One of the myriad players whose inclusion in my top 100 overall rankings this week generated buzz was Boston Red Sox designated hitter David Ortiz. I used to argue that "clogging" a DH/utility spot in the first half of a normal fantasy draft was poor roster construction, but with offensive production declining a bit more each and every year, I just want the offense. Selecting Big Papi beats having Cody Ransom in your utility spot just because you can draft him later.
However, position eligibility is hardly the lone reason Ortiz will slip way too far in drafts, as he tends to every year. The guy is old, at least for an athlete, and let's be honest: Fantasy owners in all sports tend to be biased toward younger options with upside. The argument can be made that it's considerably tougher for an older player to recover from injury and regain prior form, and it's a valid one. But that hardly means an accomplished player, be it a hitter like Ortiz or a pitcher like Philadelphia Phillies ace Roy Halladay, can't return to previous glory.
And so it is time for my annual AARP report defending baseball players on the other side of 35 years old, and Ortiz is an obvious choice. Now 37, Ortiz was not only a productive fantasy option for most of the 2012 season but also among the best in the game. His season ended early because of an Achilles injury. He did come back for one game and reinjured himself, but I think he could have returned to the lineup if the team was contending (and he didn't dislike his manager so much).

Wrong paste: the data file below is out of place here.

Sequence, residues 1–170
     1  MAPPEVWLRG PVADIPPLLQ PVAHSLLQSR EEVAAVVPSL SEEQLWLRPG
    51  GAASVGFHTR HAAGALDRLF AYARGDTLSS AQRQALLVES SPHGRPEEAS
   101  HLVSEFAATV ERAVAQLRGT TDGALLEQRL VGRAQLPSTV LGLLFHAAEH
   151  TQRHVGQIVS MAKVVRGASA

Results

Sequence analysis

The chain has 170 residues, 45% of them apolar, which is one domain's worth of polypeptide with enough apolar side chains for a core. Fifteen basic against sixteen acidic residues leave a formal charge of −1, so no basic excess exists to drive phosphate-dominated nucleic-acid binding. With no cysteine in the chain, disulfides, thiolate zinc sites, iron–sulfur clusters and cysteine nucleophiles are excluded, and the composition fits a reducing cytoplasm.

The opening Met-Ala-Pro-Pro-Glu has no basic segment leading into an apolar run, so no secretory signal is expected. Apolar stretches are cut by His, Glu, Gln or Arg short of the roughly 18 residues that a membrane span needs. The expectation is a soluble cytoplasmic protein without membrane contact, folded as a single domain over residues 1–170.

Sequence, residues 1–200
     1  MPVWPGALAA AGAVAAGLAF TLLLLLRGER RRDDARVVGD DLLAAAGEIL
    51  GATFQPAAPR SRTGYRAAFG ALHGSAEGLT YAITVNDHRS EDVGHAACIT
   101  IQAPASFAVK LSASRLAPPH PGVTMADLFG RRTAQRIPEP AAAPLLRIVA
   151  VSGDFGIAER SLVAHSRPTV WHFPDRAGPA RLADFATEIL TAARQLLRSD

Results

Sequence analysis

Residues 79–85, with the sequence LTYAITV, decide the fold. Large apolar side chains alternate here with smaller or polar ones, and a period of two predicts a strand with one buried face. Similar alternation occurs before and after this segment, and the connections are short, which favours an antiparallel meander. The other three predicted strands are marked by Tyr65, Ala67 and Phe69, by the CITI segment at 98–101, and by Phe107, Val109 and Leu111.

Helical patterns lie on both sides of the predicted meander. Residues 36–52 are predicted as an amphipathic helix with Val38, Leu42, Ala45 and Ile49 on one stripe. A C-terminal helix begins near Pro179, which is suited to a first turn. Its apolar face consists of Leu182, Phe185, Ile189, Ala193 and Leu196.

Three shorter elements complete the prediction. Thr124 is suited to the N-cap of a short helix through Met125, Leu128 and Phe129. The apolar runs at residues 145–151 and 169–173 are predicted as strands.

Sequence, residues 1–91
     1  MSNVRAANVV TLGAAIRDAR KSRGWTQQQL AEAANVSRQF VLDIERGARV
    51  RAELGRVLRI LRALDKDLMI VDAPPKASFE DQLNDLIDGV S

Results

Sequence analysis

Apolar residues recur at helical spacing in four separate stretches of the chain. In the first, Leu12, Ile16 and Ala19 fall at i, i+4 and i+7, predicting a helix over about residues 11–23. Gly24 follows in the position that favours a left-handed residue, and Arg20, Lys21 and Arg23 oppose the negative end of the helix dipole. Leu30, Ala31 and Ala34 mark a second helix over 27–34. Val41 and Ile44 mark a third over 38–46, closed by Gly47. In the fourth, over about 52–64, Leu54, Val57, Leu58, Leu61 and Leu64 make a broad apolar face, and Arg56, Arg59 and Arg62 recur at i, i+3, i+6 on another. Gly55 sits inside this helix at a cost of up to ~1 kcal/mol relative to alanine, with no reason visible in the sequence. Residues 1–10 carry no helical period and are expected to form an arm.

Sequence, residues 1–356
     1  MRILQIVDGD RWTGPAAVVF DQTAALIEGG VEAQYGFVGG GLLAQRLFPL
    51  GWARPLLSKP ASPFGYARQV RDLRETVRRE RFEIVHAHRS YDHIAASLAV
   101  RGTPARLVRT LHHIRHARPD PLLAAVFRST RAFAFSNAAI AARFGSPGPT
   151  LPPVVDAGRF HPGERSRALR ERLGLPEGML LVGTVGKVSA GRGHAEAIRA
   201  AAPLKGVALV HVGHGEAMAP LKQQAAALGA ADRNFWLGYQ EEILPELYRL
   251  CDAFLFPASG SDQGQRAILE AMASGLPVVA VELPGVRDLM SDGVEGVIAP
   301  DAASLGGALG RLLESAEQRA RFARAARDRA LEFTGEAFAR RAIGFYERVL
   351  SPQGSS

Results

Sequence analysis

The 2012 version of Ortiz raked in his 90 games and 324 at-bats, barely half a season. He hit 23 home runs and knocked in 60 while hitting .318. Four players age 35 or older hit more home runs (Carlos Beltran, Alfonso Soriano, A.J. Pierzynski and Paul Konerko), but that crew collectively averaged well past 500 at-bats. Ortiz posted a 1.026 OPS, which would have led baseball had he qualified for the batting title. No qualifier reached 1.000. Konerko was second in OPS for the older fellows at .857, and Ortiz was over 1.000 three of his four months, with his worst month being .841!
Ortiz is far from through as a hitter and fantasy contributor, which is why he appears safely in my top 100. While injury and age are factors in determining value, both tend to get overrated. Would I want Ortiz in a dynasty/keeper league? Well, you don't build around someone 37 years old. Then again, if you want to win in 2013, you don't overlook him in any format in the first 10 rounds. Ortiz raked in prior years as well. Unlike many left-handed hitters, he's not a liability against lefty pitchers (.985 OPS, 9 home runs), and unlike many slow fellows, he does score runs. He was second in baseball in the category at the All-Star break, one behind Texas Rangers second baseman Ian Kinsler and nearly on pace for what Los Angeles Angels outfielder Mike Trout ultimately accomplished. As for Boston's lineup, as bad as 2012 appeared to be, it scored the eighth-most runs. It should bounce back to the top five in 2013, with Ortiz hitting .300 and flirting with 30 home runs, 100 RBIs and 80 runs scored, just like in 2011.